This book offers helpful study questions and would make a great resource for evangelism committees, study groups, or bible studies....more info
  • Unbinding The Gospels - easy to read
    Our Regional Office for Oregon (Christian Church-Disciples of Christ) recommended this book for Pastors, Elders and Congregational study for 2007-2008. It is simply an easy guide to the Gospels and well worth a read for anyone!...more info
  • Review from Congregations Magazine - Summer, 2007
    Unbinding the Gospel
    REAL LIFE EVANGELISM
    Martha Grace Reese
    St. Louis, MO: Chalice Press, 2006

    "For the purpose of this book," writes Martha Grace Reese, "evangelism is anything you do to help another person move closer to a relationship with God, or into Christian community." With those freeing words, the Gospel already feels a little more unbound, and likely so will anyone who reads Unbinding the Gospel. Throughout this engaging book, the author relies on a combination of creativity, humor, straight talk, keen organization, and most importantly, the power of prayer to help us reframe what it means to be faithful disciples through evangelism. She reveals the heart of what it means to share good news with others.
    Based on a four-year evangelism research project that included 150 churches and more than 1,000 interviews, the book is written in three parts. The first examines the state of evangelism in mainline churches today, the second provides examples of "great churches sharing their faith," and the third explores what Reese describes as "the possibilities God has in mind for you." Each part carries a helpful reminder of where one is in the "map" of the book, imparting Reese's clear sense of direction and purpose in writing the book in the first place.
    Though an excellent and practical study book for an evangelism team, it would be a shame if this volume gets pigeonholed as one more book about technique. In the end, Reese helps us take a long, hard look at what it really means to be church--to be the living, breathing, effective body of Christ in the midst of a world so desperately in need of the kind of peace Christ gives.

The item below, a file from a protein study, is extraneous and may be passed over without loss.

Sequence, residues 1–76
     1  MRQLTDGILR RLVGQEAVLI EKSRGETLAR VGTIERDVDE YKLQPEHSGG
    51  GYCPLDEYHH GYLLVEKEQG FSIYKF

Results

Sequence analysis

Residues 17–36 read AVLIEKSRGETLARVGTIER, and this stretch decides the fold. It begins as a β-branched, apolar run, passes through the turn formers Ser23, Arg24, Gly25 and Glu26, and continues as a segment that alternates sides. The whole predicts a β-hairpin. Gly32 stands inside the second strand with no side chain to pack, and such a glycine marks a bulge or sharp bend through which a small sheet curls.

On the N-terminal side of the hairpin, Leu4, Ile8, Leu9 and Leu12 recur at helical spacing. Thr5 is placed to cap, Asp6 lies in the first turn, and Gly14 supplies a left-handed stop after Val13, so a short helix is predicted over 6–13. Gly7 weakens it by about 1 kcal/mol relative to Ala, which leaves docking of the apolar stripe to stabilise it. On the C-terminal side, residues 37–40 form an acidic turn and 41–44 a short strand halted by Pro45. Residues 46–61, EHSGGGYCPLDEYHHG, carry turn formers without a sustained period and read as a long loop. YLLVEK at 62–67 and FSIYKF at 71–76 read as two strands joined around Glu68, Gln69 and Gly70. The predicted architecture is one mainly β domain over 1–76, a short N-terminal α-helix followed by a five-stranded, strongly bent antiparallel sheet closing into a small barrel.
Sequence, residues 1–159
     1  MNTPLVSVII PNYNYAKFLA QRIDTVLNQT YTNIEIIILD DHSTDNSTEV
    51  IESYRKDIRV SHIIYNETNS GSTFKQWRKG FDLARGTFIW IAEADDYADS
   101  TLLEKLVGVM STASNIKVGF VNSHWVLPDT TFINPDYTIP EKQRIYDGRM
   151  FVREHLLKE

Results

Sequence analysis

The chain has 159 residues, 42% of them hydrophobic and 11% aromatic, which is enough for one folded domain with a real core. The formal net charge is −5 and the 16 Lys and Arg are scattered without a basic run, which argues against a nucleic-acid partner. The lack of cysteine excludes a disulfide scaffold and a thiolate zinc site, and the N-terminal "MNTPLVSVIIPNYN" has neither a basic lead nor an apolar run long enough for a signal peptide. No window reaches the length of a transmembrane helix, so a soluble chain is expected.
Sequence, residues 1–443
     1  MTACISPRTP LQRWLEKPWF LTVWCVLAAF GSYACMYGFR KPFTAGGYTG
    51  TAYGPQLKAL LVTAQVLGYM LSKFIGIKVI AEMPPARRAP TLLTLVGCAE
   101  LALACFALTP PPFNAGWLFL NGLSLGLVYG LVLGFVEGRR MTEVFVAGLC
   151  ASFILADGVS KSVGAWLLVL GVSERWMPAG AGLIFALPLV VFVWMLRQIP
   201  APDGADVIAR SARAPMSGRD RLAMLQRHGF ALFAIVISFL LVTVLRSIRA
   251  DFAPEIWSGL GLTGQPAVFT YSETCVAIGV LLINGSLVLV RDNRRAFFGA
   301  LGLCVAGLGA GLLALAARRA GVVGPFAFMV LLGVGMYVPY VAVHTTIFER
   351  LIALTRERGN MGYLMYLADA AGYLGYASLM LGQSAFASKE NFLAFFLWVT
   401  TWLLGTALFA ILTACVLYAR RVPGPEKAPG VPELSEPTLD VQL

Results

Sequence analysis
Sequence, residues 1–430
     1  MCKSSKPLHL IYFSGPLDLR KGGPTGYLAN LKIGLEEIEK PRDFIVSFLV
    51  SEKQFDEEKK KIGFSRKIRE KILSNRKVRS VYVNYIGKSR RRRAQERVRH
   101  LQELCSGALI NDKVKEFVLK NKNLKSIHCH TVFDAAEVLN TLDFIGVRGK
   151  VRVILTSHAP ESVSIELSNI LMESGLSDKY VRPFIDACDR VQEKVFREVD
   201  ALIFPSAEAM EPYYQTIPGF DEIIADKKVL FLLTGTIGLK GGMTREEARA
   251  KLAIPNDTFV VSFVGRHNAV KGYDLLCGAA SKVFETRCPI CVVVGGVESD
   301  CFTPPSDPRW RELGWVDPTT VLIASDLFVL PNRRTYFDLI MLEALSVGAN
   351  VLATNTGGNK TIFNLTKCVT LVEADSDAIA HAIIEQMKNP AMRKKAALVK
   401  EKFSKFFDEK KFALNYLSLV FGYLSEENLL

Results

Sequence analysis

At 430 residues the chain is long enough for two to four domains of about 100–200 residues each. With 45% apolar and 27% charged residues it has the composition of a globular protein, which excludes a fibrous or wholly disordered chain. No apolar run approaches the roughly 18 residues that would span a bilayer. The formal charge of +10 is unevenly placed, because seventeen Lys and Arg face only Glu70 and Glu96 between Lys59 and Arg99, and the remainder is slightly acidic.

The overall feeling one gets from reading Unbinding the Gospel is that of having a real heart to heart conversation with the author, one that is long overdue. Her delightfully conversational style is so punctuated with exclamation points that from time to time I had the feeling I was reading Mark's gospel. But her sense of urgency is well-founded, as she illustrates. Citing sobering statistics, such as the fact that "in 2000 there were only half as many mainline Protestants as there were 40 years before," Reese prepares us for a hard landing by putting the numerical losses in human terms. In the next decades, she says, millions more will join the ranks of those who have never attended a church. "They won't have memories of a Christian grandmother, father, or next-door neighbor. The thought of `going back to church' when they're in trouble will never occur to them, because they have never been inside a church building in the first place. For them, a church is an alien, possibly intimidating place--not a cradle of comfort and hope."
    But if you think this is another shrill warning of the ecclesial sky falling, it's anything but. With a great deal of optimism, hope, and honesty, Reese helps us sort through the tangle of issues surrounding evangelism and distills one poignant question for us to ponder: What difference does it make in your own life that you are a Christian? Reese believes this is the pivotal question for those who follow the Risen Christ and is the foundation on which any evangelistic efforts must stand. For, if we don't know or can't articulate what is profound and transformational about Jesus in our own lives, how and, more crucially, why would we tell others?
    Reese has written a deeply insightful book that isn't simply another set of pages to chew on and place on one's bookshelf with the afterthought, "Well, now, that was interesting." Instead, what one finds in Unbinding the Gospel is a spiritual workbook, a comprehensive manual for those wanting to begin or jump-start the intentional work of equipping people to tell the gospel news in word and in deed.
    Evaluative criteria, practical measuring sticks, and provocative questions at the end of each chapter draw us deeper into the serious consideration of becoming bold witnesses. With clarity and sound theological grounding, we are invited into a grand adventure, one in which, Reese promises, the Spirit will be faithful.
    Reese has called upon her parish ministry experience as well as her work as a lawyer, consultant, and coach to produce what very well could be a watershed book for mainline Protestantism. "The holy is encased in the pragmatic," she writes, regarding strategies for evangelism. It's not a bad description of her wonderful book, either. Readers will come away feeling nourished and inspired.

    Rev. Rebecca Gummere
    Grace Lutheran Church
    Boone, North Carolina
    ...more info